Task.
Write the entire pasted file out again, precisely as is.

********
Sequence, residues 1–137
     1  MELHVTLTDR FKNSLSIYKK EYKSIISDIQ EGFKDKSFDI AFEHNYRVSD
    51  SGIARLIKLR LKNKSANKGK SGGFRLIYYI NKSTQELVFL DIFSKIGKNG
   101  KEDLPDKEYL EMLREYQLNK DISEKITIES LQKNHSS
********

Sequence, residues 1–137
     1  MELHVTLTDR FKNSLSIYKK EYKSIISDIQ EGFKDKSFDI AFEHNYRVSD
    51  SGIARLIKLR LKNKSANKGK SGGFRLIYYI NKSTQELVFL DIFSKIGKNG
   101  KEDLPDKEYL EMLREYQLNK DISEKITIES LQKNHSS